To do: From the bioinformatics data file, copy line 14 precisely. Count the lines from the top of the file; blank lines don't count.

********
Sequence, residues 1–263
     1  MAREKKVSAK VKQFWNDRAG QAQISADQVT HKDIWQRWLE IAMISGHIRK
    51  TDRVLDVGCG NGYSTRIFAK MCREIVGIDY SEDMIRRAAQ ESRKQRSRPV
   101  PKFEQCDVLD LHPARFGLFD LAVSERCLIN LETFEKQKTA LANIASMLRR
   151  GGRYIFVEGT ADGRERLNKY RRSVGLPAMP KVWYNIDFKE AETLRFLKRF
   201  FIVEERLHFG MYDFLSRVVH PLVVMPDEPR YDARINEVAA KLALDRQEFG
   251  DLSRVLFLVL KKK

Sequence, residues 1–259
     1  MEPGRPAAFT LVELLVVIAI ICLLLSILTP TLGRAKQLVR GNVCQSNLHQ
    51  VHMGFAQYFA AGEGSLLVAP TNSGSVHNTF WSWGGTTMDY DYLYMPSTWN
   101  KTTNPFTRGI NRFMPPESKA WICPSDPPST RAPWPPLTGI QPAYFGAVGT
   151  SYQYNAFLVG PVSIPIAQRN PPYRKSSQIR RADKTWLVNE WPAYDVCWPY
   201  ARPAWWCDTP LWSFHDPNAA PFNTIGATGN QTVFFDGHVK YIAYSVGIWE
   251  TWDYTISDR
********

   251  TWDYTISDR